Top
Top Stories

[Theft And Murder] Not Safe To Draw An Inference That The Person In Possession Of Stolen Property Was The Murderer: SC [Read Judgment]

LIVELAW NEWS NETWORK
1 Jun 2020 6:47 AM GMT
[Theft And Murder] Not Safe To Draw An Inference That The Person In Possession Of Stolen Property Was The Murderer: SC [Read Judgment]
Your free access to Live Law has expired
To read the article, get a premium account.
    Your Subscription Supports Independent Journalism
Subscription starts from
599+GST
(For 6 Months)
Premium account gives you:
  • Unlimited access to Live Law Archives, Weekly/Monthly Digest, Exclusive Notifications, Comments.
  • Reading experience of Ad Free Version, Petition Copies, Judgement/Order Copies.
Already a subscriber?

The Supreme Court has observed that, in a theft and murder case, it is not safe to draw the inference that the person in possession of the stolen property was the murderer.

In this case Sonu @Sunil vs State of Madhya Pradesh, the appellant was convicted for committing theft and murder. He was sentenced to death by the Trial Court. The High Court later commuted the death penalty and awarded life imprisonment.

The Court noted that the evidence against him essentially consists of the recovery of the mobile phone. It was also noted that there was a gap of about two months between the date of recovery and the date of incident.

The bench comprising Justices Sanjay Kishan Kaul and KM Joseph delineated the tests to applied in the case of recovery of an article from an accused person when he stands accused of committing offences other than theft also, (in this instance murder).

The following are the 8-point tests laid down by the Court :

  • The first thing to be established is that the theft and murder forms part of one transaction. The circumstances may indicate that the theft and murder must have been committed at the same time. But it is not safe to draw the inference that the person in possession of the stolen property was the murderer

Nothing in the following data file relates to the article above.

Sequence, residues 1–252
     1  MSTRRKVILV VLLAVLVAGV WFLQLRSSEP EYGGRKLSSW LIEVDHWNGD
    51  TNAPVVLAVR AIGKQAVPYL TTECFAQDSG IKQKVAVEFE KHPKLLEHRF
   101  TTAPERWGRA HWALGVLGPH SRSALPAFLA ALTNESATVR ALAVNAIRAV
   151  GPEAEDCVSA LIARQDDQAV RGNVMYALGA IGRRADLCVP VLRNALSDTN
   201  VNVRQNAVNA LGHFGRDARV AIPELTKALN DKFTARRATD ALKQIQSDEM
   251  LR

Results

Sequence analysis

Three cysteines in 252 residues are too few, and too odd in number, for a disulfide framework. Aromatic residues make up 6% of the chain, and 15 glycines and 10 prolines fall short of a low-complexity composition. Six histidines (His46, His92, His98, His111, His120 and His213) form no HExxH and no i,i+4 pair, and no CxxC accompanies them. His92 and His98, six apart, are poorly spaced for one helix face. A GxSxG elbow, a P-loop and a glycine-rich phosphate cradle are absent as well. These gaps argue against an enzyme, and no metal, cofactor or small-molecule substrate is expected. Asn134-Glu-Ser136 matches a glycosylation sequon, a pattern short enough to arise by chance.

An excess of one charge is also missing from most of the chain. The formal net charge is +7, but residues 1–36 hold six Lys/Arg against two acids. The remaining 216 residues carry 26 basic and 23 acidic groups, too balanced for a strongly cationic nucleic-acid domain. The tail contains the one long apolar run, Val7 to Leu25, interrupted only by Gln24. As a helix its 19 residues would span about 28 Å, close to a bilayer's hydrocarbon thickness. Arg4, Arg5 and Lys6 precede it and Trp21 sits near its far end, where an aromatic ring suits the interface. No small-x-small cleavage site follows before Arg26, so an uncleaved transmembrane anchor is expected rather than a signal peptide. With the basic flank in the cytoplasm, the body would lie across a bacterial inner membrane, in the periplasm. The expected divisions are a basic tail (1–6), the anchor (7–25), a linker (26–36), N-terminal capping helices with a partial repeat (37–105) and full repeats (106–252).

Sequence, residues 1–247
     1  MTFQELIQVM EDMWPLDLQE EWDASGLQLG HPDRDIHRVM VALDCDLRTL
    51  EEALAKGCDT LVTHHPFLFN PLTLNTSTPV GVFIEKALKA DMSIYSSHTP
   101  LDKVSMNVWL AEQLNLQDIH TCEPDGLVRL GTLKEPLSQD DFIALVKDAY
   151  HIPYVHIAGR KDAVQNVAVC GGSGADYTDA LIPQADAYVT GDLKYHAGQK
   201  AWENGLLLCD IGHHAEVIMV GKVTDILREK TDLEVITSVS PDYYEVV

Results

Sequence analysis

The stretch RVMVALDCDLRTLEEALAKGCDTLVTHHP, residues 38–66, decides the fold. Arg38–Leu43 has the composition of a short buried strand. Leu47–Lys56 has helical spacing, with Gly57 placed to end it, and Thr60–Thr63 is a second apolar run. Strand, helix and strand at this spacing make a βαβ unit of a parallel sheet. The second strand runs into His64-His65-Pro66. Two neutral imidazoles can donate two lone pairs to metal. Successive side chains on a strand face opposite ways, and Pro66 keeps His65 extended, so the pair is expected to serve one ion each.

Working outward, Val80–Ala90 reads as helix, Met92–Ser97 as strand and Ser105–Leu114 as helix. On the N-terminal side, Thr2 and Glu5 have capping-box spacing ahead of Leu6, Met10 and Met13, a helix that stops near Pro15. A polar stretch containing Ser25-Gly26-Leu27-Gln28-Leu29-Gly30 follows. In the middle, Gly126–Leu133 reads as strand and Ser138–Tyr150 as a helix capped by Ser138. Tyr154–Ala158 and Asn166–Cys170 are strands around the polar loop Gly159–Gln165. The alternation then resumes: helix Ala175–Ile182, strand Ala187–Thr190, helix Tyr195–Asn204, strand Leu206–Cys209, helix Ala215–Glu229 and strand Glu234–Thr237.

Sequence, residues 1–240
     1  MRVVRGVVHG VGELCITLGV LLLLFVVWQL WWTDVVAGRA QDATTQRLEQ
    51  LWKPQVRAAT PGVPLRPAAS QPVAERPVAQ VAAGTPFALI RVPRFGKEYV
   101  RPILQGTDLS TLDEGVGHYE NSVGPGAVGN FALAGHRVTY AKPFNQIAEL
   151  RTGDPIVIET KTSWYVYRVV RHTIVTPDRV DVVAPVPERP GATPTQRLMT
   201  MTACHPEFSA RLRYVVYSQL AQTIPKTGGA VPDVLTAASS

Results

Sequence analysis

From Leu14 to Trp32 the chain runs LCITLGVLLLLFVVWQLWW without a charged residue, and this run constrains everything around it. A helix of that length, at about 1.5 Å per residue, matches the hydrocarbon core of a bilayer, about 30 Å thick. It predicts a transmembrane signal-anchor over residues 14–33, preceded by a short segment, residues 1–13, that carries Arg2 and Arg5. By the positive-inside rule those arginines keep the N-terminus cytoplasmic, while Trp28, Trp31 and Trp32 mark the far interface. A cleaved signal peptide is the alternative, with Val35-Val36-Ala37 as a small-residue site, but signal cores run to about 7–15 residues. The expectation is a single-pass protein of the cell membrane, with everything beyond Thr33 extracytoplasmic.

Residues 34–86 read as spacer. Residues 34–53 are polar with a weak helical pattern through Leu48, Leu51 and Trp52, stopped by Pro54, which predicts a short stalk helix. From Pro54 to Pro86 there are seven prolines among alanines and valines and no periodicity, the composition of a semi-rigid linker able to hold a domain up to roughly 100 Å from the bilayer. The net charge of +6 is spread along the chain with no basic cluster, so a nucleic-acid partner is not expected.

• The nature of the stolen article;
  • The manner of its acquisition by the owner;
  • The nature of evidence about its identification;
  • The manner in which it was dealt with by the accused;
  • The place and the circumstances of its recovery;
  • The length of the intervening period;
  • Ability or otherwise of the accused to explain its possession 

The Court referred to the precedent in the case Sanwant Khan and another v. State of Rajasthan AIR 1956 SC 54. As per this decision, the only presumption which can be drawn under illustration (A) of Section 114of the Evidence Act with respect to a person found in possession of stolen property is that, he is either the receiver of the stolen property or has committed the theft of the property. It does not necessarily indicate that the theft and the murders took place at one and the same time. 

"Where, however, the only evidence against an accused person is the recovery of stolen property and although the circumstances may indicate that the theft and the murder must have been committed at the same time, it is not safe to draw the inference that the person in possession of the stolen property was the murdered", the bench quoted from Sanwant Khan

This was followed in decisions Baiju v. State of Madhya Pradesh AIR 1978 SC 522, Shri Bhagwan v. State of Rajasthan AIR 2001 SC 2342 etc.

The bench also noted that there was a discrepancy in the number of the phone stated to have been stolen from the deceased, and the number of the phone stated to have been seized from the accused.

Applying these tests to the facts of the case, the bench observed that it would not be safe to uphold the conviction of the accused and he would be entitled to the benefit of doubt.

Case no.: CRIMINAL APPEAL NO.57 OF 2013  Case name: SONU @ SUNIL vs. STATE OF MADHYA PRADESH
Coram: Justices Sanjay Kishan Kaul and KM Joseph

Click here to Read/Download Judgment 

Read Judgment




Next Story